Case 1 comprises the same solution approach as presented in our previous work , although using the revised musculoskeletal geometry described above. First, the inter-segmental forces can be found directly by the iterative application of Newton's second law to each segment, working from distal to proximal: 2.1Next, the equations of motion are posed by considering the motion of foot, shank and thigh segments. This allows 18 indeterminate equations of motion to be written (equation (2.2); table 4)—nine describing the linear motion of the segments (three for each segment) and nine describing the rotational motion (again three for each segment). The equations of motion are parametrized by the previously calculated musculoskeletal geometry, the kinematics of the segments and the GRF. The 186 unknowns consist of the muscular, ligamentous and joint reaction forces (bone on bone contact forces) experienced by the lower limb. It should be noted that each segment has a full complement of 6 degrees of freedom (d.f.) and there are no constraints imposed based upon considerations of the kinematics of the joints (with the exception of the patellofemoral joint). This means that each joint effectively also has 6 d.f. (apart from the patellofemoral joint), although the joints are not explicitly described in the model: 2.2In equation (2.2), the rotational effect of each muscle and ligament element upon a segment k is captured by calculating an effective moment arm ( and , respectively) which describe the overall rotational effect of 1 N of tension in the element on the given segment . So for a monoarticular muscle, includes the effect of both the muscle force and the joint reaction force that arises because of the muscle force. This is akin to the assumptions made in a joint-based approach. Equally, for the intermediate segment of a biarticular muscle that does not attach to the segment, captures the rotational effects of the joint reaction forces created by tension in the muscle .
In case 1, the effect of tension in the patellar tendon is assumed to create an equal and opposite effect on the tibial and femoral segments, and the patellofemoral joint is not explicitly modelled (this is again a common assumption in a joint-based approach). However, the patella is assumed to be in force and moment equilibrium and thus the P/Q ratio (the ratio of the patellar to quadriceps tendon forces) will alter with knee flexion . The P/Q ratio is derived from a consideration of the musculoskeletal geometry of the patella in the sagittal plane (figure 2) and then the effective force upper bound of the patellar tendon is adjusted as a function of the knee flexion angle to reflect this relationship.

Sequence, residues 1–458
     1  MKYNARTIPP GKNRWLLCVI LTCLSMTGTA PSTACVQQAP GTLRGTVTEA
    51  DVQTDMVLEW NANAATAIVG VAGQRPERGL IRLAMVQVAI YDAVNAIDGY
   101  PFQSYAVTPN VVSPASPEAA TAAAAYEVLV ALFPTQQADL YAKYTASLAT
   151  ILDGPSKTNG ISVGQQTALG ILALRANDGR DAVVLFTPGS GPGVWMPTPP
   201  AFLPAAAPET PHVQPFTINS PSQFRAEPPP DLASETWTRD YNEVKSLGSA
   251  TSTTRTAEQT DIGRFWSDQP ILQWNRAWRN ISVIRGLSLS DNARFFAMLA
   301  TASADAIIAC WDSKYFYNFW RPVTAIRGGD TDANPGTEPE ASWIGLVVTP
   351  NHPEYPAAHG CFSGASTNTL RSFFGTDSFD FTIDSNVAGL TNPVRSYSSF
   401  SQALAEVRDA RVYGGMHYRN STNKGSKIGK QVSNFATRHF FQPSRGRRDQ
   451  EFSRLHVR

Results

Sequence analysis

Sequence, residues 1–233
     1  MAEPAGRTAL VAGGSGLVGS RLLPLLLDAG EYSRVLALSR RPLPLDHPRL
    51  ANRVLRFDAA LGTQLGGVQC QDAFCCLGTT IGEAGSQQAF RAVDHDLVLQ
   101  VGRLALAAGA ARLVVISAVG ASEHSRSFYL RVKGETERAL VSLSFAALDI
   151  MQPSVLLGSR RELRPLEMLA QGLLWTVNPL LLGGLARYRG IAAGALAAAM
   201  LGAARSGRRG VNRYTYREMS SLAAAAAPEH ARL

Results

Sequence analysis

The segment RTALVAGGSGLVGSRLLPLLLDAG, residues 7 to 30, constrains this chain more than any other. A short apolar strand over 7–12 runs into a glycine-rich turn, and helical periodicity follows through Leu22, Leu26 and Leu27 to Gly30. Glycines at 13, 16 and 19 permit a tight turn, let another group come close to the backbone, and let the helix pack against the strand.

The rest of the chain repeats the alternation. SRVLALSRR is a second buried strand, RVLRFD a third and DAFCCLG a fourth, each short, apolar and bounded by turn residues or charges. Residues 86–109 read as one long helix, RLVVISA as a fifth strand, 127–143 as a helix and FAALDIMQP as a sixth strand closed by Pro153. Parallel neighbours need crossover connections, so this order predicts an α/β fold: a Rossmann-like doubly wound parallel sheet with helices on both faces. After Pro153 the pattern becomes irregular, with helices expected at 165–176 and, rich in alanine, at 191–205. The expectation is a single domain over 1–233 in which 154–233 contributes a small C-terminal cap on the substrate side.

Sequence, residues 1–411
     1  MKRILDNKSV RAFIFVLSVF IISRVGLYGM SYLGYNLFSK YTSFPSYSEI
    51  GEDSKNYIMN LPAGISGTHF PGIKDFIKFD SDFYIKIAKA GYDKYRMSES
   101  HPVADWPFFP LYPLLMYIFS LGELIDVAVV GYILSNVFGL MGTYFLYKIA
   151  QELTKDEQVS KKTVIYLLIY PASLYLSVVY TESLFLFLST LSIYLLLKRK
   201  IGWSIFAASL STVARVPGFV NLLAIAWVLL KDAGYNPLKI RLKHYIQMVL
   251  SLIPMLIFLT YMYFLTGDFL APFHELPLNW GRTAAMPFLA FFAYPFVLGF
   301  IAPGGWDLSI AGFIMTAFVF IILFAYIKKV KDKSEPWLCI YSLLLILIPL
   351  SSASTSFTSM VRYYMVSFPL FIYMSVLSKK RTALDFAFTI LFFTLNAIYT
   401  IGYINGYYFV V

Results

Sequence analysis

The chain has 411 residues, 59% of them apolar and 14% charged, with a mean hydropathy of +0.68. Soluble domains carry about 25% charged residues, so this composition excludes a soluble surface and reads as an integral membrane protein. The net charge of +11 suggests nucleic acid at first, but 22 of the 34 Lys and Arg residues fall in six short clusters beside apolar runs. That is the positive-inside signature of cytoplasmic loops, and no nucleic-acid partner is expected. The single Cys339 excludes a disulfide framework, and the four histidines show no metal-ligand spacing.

In case 2, an explicit consideration of the patella is used to derive the equations of motion. First, there is the addition of three more unknowns representing the x, y and z components of the patellofemoral joint reaction force. The patellofemoral joint reaction force is included in the equations of motion of the thigh segment, and in addition, the lines of action of the quadriceps muscle elements are explicitly modelled. Second, three more equations of motion are added that describe the force equilibrium of the patella. Finally, a fourth equation of motion is added which ensures that the sagittal plane components of the patellar tendon and quadriceps forces are in the same ratio as that which was derived from geometric considerations in case 1. It should be noted that the patella is also assumed to be in moment equilibrium but this assumption is not explicitly captured in the equations of motion. Instead, the pivot point of the patella is assumed to shift in order to maintain equilibrium. The patellofemoral joint contact position is found for each frame by finding this pivot point, which is in turn used to define the contact position between the patella and thigh segments.